CAMP RIPLEY -- Rachel Loscheider, was a first-grader when her father left for the Persian Gulf War. Wednesday the tables were turned.
The 19-year-old, outgoing and personable with red hair and a big smile, was in her first week in college at St. Scholastica in Duluth when she received the call. A radio operator, Loscheider was activated with her unit, Minnesota National Guard Company C, 142nd Engineer Battalion, based at Camp Ripley.
Wednesday her family gathered around her to be together during the last few minutes before the unit boarded transport planes to depart Camp Ripley.
She was planning on majoring in international studies. Her family said she was getting an early internship with field experience in the subject. Loscheider's unit is departing for Southwest Asia for an indefinite amount of time. The deployment could last up to a year.
It is a familiar scenario for the family that lives west of Little Falls. Ron Loscheider was the one leaving 12 years ago. He spent seven months away from home with five of those months spent in Saudi Arabia.
He said it was hard to leave his small children who were too young to really understand why he was gone. Rachel Loscheider was 6 years old then.
"I remember him being gone," she said. They wrote to him and made tapes. And people kept coming over to the house to help with items like cutting wood.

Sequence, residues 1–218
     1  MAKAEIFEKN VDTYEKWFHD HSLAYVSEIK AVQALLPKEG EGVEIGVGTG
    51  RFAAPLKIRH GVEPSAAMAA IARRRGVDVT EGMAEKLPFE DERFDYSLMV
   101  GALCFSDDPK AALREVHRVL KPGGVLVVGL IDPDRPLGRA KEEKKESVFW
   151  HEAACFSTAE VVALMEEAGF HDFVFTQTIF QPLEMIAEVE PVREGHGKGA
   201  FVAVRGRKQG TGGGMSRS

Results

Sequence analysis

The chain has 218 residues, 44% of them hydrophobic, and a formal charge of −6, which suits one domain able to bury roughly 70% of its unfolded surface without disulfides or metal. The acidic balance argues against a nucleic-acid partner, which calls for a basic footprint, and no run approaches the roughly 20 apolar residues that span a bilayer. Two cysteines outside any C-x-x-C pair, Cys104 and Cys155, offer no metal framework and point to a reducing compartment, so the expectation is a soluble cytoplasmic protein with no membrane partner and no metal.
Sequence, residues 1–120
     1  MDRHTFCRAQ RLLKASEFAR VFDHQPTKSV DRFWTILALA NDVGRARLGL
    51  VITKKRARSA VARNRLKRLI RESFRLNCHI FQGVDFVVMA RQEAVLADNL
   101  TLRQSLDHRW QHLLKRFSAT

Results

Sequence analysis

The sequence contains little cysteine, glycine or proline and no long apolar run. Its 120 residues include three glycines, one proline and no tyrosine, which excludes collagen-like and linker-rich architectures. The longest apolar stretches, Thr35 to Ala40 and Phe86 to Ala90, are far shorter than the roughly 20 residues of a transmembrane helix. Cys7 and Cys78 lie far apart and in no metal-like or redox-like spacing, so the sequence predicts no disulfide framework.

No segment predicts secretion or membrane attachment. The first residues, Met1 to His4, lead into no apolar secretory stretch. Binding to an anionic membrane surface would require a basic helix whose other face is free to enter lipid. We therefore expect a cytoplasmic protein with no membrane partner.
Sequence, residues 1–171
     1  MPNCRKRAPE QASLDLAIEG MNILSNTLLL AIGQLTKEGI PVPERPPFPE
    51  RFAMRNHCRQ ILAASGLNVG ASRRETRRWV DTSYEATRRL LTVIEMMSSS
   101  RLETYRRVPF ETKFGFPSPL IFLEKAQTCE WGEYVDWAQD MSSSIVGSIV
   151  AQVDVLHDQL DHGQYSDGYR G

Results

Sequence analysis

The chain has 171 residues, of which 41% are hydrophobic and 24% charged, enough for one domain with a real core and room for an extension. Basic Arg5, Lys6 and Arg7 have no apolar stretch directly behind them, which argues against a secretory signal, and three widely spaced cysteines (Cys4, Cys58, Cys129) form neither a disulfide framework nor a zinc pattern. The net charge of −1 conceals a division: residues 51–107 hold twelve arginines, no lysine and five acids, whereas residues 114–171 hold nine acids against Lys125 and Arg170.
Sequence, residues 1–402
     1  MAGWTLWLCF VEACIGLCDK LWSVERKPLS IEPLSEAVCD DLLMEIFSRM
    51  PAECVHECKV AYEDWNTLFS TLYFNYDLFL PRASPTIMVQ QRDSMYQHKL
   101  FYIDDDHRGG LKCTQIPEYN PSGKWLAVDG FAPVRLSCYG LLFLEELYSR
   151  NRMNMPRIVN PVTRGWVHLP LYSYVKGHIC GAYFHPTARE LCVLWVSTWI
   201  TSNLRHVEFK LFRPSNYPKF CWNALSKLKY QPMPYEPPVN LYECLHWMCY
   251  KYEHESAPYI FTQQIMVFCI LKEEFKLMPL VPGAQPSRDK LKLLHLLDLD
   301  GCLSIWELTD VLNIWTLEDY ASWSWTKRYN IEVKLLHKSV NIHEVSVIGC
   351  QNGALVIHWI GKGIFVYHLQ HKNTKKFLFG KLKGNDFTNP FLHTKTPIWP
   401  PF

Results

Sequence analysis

She said the role reversal is kind of strange. "But it's all right," she said. "It's all right."
And she said with her family's experience she did not need to spend as much time reassuring them. They knew the drill. Her grandfather was in World War II. Her grandparents, Leo and Germaine Loscheider, live in Little Falls. They have a close relationship.
"They are proud of her," Kathy Loscheider said of her daughter's relationship with her grandparents. She said her daughter's biggest fear is that she would lose a grandparent while she was away.
The family stood in a sea of people, although each group became a separate and surprisingly private group in the crowd. Soldiers were of every height and age group. Men and women. Teen-agers and grandparents.
Rachel Loscheider said there were engaged couples who were forced to put weddings on hold because of the sudden deployment.
Many held children.
"That's what we went through 12 years ago," Kathy Loscheider said as she watched tearful groups of families with small children. "Small children love their dads. So those are the people who have it the worst."
Rachel Loscheider waited with her parents and her 17-year-old brother Joe. A younger brother, who is serving as a legislative page, was unable to attend.
Soon the announcement for the departure came. Shortly thereafter Rachel Loscheider was walking in line where soldiers boarded powder blue buses. Another soldier stepped out of the line to give his small children one last hug.
A boy outside watched the buses depart. "That's the one my daddy was on," he said. A soldier reached out a bus window to touch family members by the hand.
And others boosted children closer to the window. There were cameras, waves and tears. Once the buses departed, people followed in their cars, parking on the side of the road to see loved ones take off in transport planes.
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